(Brief shout-out: in addition to the physical Acadamie, Devon also runs DuelloTV, which has a giant mess of instructional videos available. Setting up the basic membership is free, allows access to a number of the introductory videos, and only gets you one piece of email sent to you a week - letting you know which of the advanced videos are rotating into free access for the week. I cannot recommend this resource highly enough.)
There wasn't much in the workshop that was completely, 100% brand new to me, but I always love getting a full review of the fundamentals from the ground on up. Fixes to technique at that level almost always have a ripple-through effect to the rest of my fight in ways that are kind of hard to quantify but are absolutely there. Even little things like adjusting my hand or foot can have a long-term impact in that every little bit of increased efficiency will reduce the wear and tear on my joints, meaning that I get to keep doing this thing for that much longer in my life. Which, in something that won't shock anyone, is really important to me.
The other reason that I will always happily work through fundamental workshops is because there will inevitably be some turn of phrase or tiny little technique that will have an impact on my fencing out of all proportion to the time spent on it. This entry today is one of those little snippets - a couple turns of phrase and ways of thinking or describing an action and how to think of it just all clicked together into a thought which led to writing this up.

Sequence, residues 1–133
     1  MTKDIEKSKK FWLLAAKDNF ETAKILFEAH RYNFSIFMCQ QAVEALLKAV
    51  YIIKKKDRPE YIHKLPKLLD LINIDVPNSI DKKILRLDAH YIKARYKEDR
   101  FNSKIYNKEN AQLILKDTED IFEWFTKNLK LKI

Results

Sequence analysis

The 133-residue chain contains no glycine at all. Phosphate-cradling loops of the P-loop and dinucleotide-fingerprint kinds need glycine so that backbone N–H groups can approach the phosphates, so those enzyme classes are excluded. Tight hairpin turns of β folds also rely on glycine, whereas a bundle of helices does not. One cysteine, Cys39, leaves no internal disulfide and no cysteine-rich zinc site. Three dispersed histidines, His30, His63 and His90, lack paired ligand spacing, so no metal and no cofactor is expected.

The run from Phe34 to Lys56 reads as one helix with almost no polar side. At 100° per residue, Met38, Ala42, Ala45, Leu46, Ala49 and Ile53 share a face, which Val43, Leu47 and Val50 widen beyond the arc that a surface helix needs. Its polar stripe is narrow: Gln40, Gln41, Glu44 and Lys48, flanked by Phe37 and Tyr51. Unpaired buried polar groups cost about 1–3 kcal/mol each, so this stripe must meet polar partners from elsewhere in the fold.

While I'm hoping to do a couple shorter follow-up posts about rapier specific things that were really important that I picked up on, I really wanted to note a couple broader mental concepts that kind of hit my brain on Sunday. Specifically, something that I've noticed Devon doing in his instruction that I'm terming "functional mnemonics." Now, I have absolutely no formal education in either the practice of teaching or learning theory or anything like that, so it's quite probable that this concept has a name all on its own already, and is well known in the field, but it's new to me so I'm noting it because I think it's super important. In practice, I think that using functional mnemonics will impact two parts of fencing - cognitive load and good technique.
One of the things that was mentioned as an aside is that people don't truly multitask like many folks think. We can't parallel process - we really can only do one thing at a time - but we timeslice really well, and jump back and forth from thing to thing quickly. That's fine most of the time, but you really don't want to be timeslicing while fencing. You want to minimize the cognitive load that you need to carry - you absolutely want to minimize the number of things that your mind will need to jump between to track. The usual way this comes up in practice is when a student first picks up a dagger, and the instructor points out that they don't want to create a third line of attack between the sword and the dagger, because that's one more thing to track, and can dramatically increase the cognitive load that the fencer needs to deal with. Remove that line, and the number of cycles in the brain dedicated to jumping from line to line drops a lot, and you can focus on other things. Win!